Soil as the Ultimate Carbon Sink

December 5, 2019

Wall Street Journal:

AINSWORTH, Iowa—What if there was a way to combat climate change that didn’t require technological breakthroughs, carbon taxes or eliminating all fossil fuels?

Such a solution might lie here in an Iowa cornfield beneath the feet of Mitchell Hora, a seventh-generation farmer. Mr. Hora experiments with “regenerative growing practices” that improve soil health, boost yields, reduce water and fertilizer use, and carry a significant collateral benefit: they sequester in the soil carbon released from burning fossil fuels.

Mr. Hora could soon be rewarded for providing this social benefit. Indigo Ag Inc., a Boston-based company specializing in agricultural technology and management, is setting up a market for carbon credits. Companies and consumers with voluntary or compulsory commitments to reduce their carbon footprint can, rather than reduce emissions themselves, pay farmers to do it for them. Via the Indigo Carbon marketplace, they can pay farmers like Mr. Hora $15 to sequester one metric ton of carbon dioxide in the soil.

“I’ve been doing all of this out of my own pocket,” says Mr. Hora. “Most farmers cannot take on that kind of risk, to experiment and to try to change. But now, with Indigo Carbon, it gives them that incentive to actually try.”

David Perry, Indigo’s chief executive, is almost messianic about the potential: “We could soak up half to 100% of all the carbon dioxide emitted since the industrial revolution,” or roughly one trillion tons.

The Rodale Institute, a think tank that promotes organic agriculture and has partnered with Indigo, cites trials that suggest through regenerative growing practices, an acre of agricultural land can sequester one to 2.6 tons of carbon dioxide a year. Extrapolating to the world, that equals the about 37 billion metric tons of carbon dioxide released globally through fossil fuel use each year.

That’s not realistic, according to Rattan Lal, a soil scientist who heads the Carbon Management and Sequestration Center at Ohio State University. He says the maximum soil sequestration that can be achieved, under ideal conditions, is nine billion tons and even that—given the political and practical obstacles—“is a dream.” In 2015 France persuaded the world to commit to raising the carbon content of soil by 0.4% per year and it has yet to trigger any meaningful action.

A more feasible goal, he says, would be six billion tons globally, including one billion in the U.S. That won’t absorb all or even most fossil-fuel emissions, but could offset those from sectors with no realistic alternative to fossil fuels, such as aviation and steel making.

Longer piece here deserves a click thru if you want more perspective.

Civil Eats:

Farm country is abuzz about the latest in carbon market opportunities. Boston-based agtech company Indigo Ag announced in June that its Terraton initiative will pay farmers $15 per metric ton for the carbon that they store in their soils and in trees on their farms.

The company, which has raised over $600 million in investors since it was founded in 2016, says it intends to remove one trillion tons of carbon dioxide from the atmosphere in part by using a patented microbial seed coating and digital technology that allow the company to monitor and track soil carbon and on-farm emission levels.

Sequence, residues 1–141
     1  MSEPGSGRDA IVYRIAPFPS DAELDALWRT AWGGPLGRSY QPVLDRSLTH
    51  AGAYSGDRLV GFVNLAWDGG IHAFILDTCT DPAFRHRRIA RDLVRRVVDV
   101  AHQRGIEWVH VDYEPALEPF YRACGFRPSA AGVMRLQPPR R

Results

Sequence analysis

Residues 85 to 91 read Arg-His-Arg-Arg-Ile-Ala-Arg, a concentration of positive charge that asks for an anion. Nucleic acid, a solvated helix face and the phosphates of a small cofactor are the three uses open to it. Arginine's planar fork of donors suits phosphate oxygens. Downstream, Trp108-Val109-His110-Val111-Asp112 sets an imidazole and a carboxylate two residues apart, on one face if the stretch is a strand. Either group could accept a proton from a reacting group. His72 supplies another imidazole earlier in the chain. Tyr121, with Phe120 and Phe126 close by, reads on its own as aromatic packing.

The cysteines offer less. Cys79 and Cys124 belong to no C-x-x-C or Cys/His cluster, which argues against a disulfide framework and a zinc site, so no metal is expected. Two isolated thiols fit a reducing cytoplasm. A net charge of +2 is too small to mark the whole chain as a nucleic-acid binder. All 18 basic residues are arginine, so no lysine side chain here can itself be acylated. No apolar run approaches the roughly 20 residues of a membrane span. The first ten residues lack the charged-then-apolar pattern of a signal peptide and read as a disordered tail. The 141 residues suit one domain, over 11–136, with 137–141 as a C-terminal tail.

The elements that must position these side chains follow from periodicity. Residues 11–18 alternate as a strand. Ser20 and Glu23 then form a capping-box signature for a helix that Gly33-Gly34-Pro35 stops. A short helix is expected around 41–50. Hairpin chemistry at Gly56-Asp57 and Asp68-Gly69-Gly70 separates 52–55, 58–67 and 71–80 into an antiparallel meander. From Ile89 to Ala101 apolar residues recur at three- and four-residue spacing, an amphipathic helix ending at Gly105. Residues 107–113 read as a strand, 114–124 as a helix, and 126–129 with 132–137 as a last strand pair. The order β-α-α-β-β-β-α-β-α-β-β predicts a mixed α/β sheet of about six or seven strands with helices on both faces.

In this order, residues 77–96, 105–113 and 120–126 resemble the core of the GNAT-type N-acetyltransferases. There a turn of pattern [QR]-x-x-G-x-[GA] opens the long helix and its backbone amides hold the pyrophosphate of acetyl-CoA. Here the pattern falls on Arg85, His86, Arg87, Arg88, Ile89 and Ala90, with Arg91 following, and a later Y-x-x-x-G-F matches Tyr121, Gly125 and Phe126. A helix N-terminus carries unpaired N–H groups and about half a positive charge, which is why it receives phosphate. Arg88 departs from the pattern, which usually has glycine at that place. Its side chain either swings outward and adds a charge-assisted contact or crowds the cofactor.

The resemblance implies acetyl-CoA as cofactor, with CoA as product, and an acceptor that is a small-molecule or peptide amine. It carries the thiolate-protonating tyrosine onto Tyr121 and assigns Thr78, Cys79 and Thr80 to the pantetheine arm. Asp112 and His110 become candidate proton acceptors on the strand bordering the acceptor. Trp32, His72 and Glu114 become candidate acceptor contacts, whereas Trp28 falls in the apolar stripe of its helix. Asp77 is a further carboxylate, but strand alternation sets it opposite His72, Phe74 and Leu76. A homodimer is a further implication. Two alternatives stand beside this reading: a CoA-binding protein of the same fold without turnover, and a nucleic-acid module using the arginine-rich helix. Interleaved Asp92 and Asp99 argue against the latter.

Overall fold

A spokesperson from Indigo Ag says that the response has been overwhelming, with farmers signing up millions of acres in the United States and abroad. He added that carbon credit buyers—large retailers, food companies, and more—are also knocking on their door, wanting to purchase the carbon credits generated by farmers committing to the company’s carbon program.

This move toward reviving a new form of voluntary carbon market prompts a number of big questions. What does it mean for those who want to advance sustainable agricultural solutions to climate change? How does it fit into the larger landscape of efforts to transform farming and address our climate crisis? And will it ultimately pay off for farmers?

Early Carbon Markets

The Chicago Climate Exchange was the first national effort to put a carbon market in place. The Exchange set up a market for offset credits generated by farmers and ranchers whose practices reduced greenhouse gas emissions and increased carbon sinks on agricultural lands—practices such as rotational grazingconservation tillage, and prairie plantings. Companies and local governments would buy those credits as a way of offsetting their own greenhouse gas emissions.

I was working in Wisconsin in 2006 when the state’s Farmers Union began reaching out to dairy producers and other farmers offering to pay them for their climate-beneficial practices. The response was considerable: Within two years, the Farmers Union had 2.6 million agricultural acres under contract with the Chicago Climate Exchange in Minnesota, Wisconsin, Montana, and the Dakotas. The Iowa Farm Bureau had another 600,000 acres under contract.

But by 2010, the exchange had collapsed. The carbon market was swamped with offset credits from willing farmers, but it didn’t have enough buyers. As a result, the price of the carbon credits went from a high of roughly $7 to just 5 cents per metric ton of carbon. In December 2010, the Chicago Climate Exchange closed its doors, leaving farmers and ranchers without support for their carbon farming efforts.

The next effort to create a carbon market came from California. In 2012, as part of its climate change law, the state launched a cap-and-trade program, requiring large greenhouse gas emitters to participate. Now, seven years later, there are still very few ways for farmers to earn carbon credits, and they include installing dairy digesters and taking up certain rice management practices, both aimed at reducing methane emissions. But with a low carbon price and high transaction costs for farmers, only the dairy digester projects have sold carbon credits, largely because of other state financial support for the projects. Meanwhile, the state’s rice producers have stayed out of the California carbon market.